All That Little Stuff
As I sit here eating a bowl of cereal in an effort to put my feet up before actually preparing my dinner, I’m hit with a sense of something that smacks of realization. The smell of it has hints of fear and sadness, loneliness and excitement, the anxious feeling of anticipation counting down inside me. In seven days I throw my life into portable storage, all contained in plastic bins and cardboard boxes. My days are decided by the little choices of what to pack now? what to pack later? where to put it? what to label it? should I keep it? do I need it? do I want it? why do I want it? what am I going to do with it? when will I use it? will I use it? where should it go? should I take it with me? should I store it? and little else. Add to the mix my level of procrastination, distraction and reminiscing, and I tend to get lost in the actions instead of thinking about them, a cog that keeps turning, be it smoothly or in jerks. Until I get to this point, when it’s too quiet even with a loud air conditioner and music playing constantly, too quiet for even my introverted tendencies.
I’ve grown attached to this place, as surprising as I find that to be. There’s a me in this chaos of a living space, a spirit who finds comfort in having it all to myself, while chiding the state of the place or its location. It’s been good to me despite the many frustrations I’ve encountered while living here. I have no plans to see it again, and while I am generally quite happy about that, there is still something that makes me a bit melancholy about leaving it empty. I suppose I have grown comfortable in dealing with its quirks, as well as my own. Now that level of comfort is going to have to shift again on a scale it hasn’t seen for several years. It’s the anxious anticipation, the knowledge that while I am excited at the prospect of changing things up, I am very very fond of having my comforts with me. It could be having a blanket, a book (or several), my hoodies, my bed, or any number of things just hanging around in their given places. In a way, that is why I dislike packing and moving so much. It feels like a separation of lives somehow, the past and hopes of or for the future tossed in a box while I meander through where life has me going in the present. It’s an odd little revelation really. I suppose I’m still waiting to make a home to use as a base of operations for whatever traveling I may do in the future. When I travel, I don’t consider myself to be on a vacation, or a respite from the rest of my life. The respite comes when I return home to familiar things and I can sit in my favorite chair with a book I’ve been aching to read for ages. That sense of security is something I haven’t been able to reproduce for myself quite successfully yet.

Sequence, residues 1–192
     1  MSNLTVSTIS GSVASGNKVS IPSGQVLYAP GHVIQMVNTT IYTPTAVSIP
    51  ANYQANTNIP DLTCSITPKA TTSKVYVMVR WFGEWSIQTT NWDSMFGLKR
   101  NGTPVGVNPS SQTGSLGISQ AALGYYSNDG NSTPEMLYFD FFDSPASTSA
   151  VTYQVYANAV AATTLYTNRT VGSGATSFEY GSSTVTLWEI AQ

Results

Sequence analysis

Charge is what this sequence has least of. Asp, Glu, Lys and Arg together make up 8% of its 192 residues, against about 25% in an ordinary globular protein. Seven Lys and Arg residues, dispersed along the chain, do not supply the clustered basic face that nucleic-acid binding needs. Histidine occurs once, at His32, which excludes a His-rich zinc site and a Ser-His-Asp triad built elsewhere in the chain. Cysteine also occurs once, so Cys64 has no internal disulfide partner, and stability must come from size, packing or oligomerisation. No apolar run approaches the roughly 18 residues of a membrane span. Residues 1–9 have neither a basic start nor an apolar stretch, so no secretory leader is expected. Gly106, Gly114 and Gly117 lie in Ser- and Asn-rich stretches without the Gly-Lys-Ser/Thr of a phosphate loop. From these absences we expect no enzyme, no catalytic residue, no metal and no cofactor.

The To-Do list is getting shorter as the days go by, and for that I am thankful. If all goes according to plan, I will be receiving my Flu, DPT and MMR shots next week, the boxes, bins and bags will be in a container by next weekend and I will be couch surfing by the 22 or 23. Calling to cancel utility services, making runs to GoodWill and donating whatever supplies I won’t be storing to my fellow MAT grads will all be happening in a number of days. Things are coming to a point more quickly than I realize, and I look at the bits and pieces of paper and notes all over my apartment and wonder what in the world I’m going to do with all that little stuff.